Former Duquesne forward Kieron Achara said he remembers watching the opening ceremony of the 2008 Summer Olympics on television and seeing the best athletes in the world parade around Beijing National Stadium.
At the 2012 Games in London later this month, Achara will have a slightly different vantage point for the opening ceremony. He'll be marching in it.
Achara, a Scotland native, will represent his country at the Games. He survived the final round of cuts and was selected Thursday to Great Britain's 2012 Olympic basketball team.
"Seriously, it was just overwhelming," Achara said of his reaction when his coaches told him he made the final cut.
"It's something I've been working five or six years for. To have my prayers answered, I was just overwhelmed."
Achara's Duquesne career ended in 2008. In his four seasons, he averaged 10.8 points and 5.3 rebounds per game. Since graduating, he has played professionally in Spain and Italy.
The British team will be coached by Houston Rockets assistant Chris Finch, and will be led by Chicago Bulls star Luol Deng.
Achara (6 feet 10, 240 pounds) said he sees his role as an energy player coming off the bench.
"I'm the kind of guy that comes off the bench, brings some energy, keeps everyone motivated, do the little things," he said.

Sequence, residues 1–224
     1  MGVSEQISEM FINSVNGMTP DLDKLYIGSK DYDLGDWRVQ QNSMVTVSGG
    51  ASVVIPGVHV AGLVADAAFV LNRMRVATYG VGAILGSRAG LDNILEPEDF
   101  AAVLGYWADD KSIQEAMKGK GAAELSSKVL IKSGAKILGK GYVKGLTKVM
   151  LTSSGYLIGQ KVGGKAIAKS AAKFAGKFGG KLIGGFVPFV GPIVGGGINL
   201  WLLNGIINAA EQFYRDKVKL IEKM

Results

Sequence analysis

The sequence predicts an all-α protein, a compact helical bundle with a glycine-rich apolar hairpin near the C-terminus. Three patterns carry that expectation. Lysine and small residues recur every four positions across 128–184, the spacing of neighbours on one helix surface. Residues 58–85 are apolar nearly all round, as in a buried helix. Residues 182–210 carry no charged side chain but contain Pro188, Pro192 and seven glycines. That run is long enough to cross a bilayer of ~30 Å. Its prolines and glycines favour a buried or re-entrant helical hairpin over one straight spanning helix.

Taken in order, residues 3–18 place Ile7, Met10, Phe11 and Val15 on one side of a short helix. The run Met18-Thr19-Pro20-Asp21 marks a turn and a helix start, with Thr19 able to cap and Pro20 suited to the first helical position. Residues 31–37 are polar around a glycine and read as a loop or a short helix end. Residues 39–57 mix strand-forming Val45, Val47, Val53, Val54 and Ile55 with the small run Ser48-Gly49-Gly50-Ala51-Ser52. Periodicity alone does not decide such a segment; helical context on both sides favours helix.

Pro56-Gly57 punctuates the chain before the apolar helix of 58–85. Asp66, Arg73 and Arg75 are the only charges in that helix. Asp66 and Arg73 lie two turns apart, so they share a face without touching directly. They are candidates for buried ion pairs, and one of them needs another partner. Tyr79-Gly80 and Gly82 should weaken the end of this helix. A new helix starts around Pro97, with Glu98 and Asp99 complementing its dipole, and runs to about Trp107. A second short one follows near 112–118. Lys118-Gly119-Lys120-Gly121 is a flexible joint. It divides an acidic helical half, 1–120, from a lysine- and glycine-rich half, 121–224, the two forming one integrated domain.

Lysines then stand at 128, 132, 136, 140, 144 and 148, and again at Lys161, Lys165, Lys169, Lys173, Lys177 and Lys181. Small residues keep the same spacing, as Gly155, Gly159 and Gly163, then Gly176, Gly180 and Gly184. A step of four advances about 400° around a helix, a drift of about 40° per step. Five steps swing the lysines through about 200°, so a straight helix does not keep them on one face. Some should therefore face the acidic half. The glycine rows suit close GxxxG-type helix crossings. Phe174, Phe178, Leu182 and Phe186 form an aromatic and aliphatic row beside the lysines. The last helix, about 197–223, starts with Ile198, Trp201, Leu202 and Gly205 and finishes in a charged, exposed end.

"We've got a lot of talent at the highest level, like Luol Deng, Pops Mensah-Bonsu. All they need is for the other players to come in, run an offense, do all the little things correctly, hopefully grab a couple of offensive rebounds, play solid defense and hit the open shot when you have an opportunity."
Achara will be joined on the team by 6-foot-4 guard Kyle Johnson, who played for current Duquesne coach Jim Ferry at Long Island University.
This year marks the first time Great Britain has fielded a basketball team since 1948, the previous time London played host to the Olympics.
"[Basketball is] definitely on the up," Achara said. "I'm just excited to be able to showcase it at home for people to see and hopefully create more of a buzz and get more people interested in the game."
Great Britain and the United States are in separate groups, so they will not meet unless both teams qualify for the knockout stage of the tournament. The two squads will play an exhibition game July 19 in Manchester, England, a date Achara already has circled on his calendar.
"I'm sure it's going to be a great opportunity, a life-changing experience," he said.
Achara also said that he was mentally preparing himself for what it would be like when he walks around London's Olympic Stadium as a member of team Great Britain at the opening ceremony.
"It's one of those experiences you'll never forget," he said.
"I'm going to have my video camera there to film the whole experience."
As much as he remembers watching the event on TV four years ago, it's a safe bet that this year's will be just a bit more memorable.